People all across our region are coming together on Wednesday for events dedicated to the International Day of Peace. Tonight’s panel is on Afghan and Ukrainian refugees and what you can do to help.

“When I was packing my bags, I said like, okay, everything will be fine I’m just leaving for 3 weeks,” said Ukrainian refugee Mariia Isaieda. 

“So, I came here on 18th of February just 6 days before the war started, with two kids,” finished Isaieda.

The international day of peace was established in 1981 by the united nations general assembly to designate the day as a period of non-violence and cease-fire. In honor of the day a panel was formed in Saratoga by the Saratoga immigration coalition to talk about how to help refugees enter America.

It turns out you can help too.

The Saratoga immigration council brought together several humanitarian aid groups to share their ideas on how the city could potentially become a home for refugees. According to the state, New York has received more than 14,000 Ukrainian refugees.

Another organization is also trying to resettle more than 400 Afghan refugees who fled after the US withdrawal last year. Organizers say it is about making Saratoga a safe space for those fleeing danger.

“Keeping the communication lines open finding out where the need is over here finding out here’s the potential helper over here and again that’s the main idea of this event is to bring people together so that we can continue that networking,” says terry Diggory, Co-coordinator of the Saratoga Immigration Coalition.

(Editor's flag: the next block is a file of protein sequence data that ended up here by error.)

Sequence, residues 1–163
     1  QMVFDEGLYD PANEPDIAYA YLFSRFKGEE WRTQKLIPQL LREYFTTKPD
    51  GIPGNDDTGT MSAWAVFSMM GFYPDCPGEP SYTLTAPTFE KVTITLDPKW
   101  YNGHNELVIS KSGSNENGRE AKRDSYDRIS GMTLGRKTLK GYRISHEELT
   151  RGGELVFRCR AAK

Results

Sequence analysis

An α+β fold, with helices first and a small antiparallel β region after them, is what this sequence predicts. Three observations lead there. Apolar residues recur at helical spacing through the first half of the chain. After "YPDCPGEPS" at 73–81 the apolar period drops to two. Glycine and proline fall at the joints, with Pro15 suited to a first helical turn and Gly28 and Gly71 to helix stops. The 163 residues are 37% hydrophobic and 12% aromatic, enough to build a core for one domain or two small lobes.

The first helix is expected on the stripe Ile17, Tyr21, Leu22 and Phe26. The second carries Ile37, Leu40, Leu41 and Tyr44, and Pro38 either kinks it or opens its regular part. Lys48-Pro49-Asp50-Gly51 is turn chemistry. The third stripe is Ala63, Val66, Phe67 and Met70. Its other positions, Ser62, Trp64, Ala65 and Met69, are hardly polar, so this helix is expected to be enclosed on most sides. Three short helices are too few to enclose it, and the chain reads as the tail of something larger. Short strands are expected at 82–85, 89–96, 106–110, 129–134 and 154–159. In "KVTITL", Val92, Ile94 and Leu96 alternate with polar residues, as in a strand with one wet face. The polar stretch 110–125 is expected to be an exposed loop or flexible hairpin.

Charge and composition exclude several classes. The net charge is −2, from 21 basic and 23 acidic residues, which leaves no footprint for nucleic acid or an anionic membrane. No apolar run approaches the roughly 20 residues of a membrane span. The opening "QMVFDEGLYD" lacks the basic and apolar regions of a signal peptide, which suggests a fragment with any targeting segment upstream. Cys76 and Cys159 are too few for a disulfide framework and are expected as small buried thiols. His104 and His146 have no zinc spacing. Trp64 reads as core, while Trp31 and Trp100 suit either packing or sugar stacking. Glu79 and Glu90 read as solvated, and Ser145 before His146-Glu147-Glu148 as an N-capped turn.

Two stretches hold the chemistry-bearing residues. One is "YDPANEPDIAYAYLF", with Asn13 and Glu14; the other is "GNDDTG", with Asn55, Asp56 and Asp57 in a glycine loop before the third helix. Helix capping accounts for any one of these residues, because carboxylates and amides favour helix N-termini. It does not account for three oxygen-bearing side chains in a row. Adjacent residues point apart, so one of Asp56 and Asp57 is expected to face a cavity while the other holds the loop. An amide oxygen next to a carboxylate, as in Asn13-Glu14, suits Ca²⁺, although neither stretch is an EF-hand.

Networking that is working in our region.

“So, my wait ended here in Saratoga, and I found a lot of very kind people very supportive. I’m really glad that I found this very peaceful place and my kids they become more you know I come and more like normal,” says Isaieda.

Sara Lowry of legal services coordinator for us committee for refugees and immigrants (USCRI) told News10 that they have successfully relocated and helped over 400 Afghan and over 100 Ukrainians make the move. She says they still need help.

Lowry said, they are still looking for “Good Neighbor teams”.  Lowry continues, “So, if you and a few people have a group that are looking to be a mentor, maybe help people drive them to medical appointments, be a patient navigator to help them understand what medical terminology means.”

According to the office for new Americans, most Ukrainian refugees have resettled in New York City, though about 275 have come to upstate counties as of August.

Organizers say the key to helping with this humanitarian crisis is for individuals and organizers to sponsor families.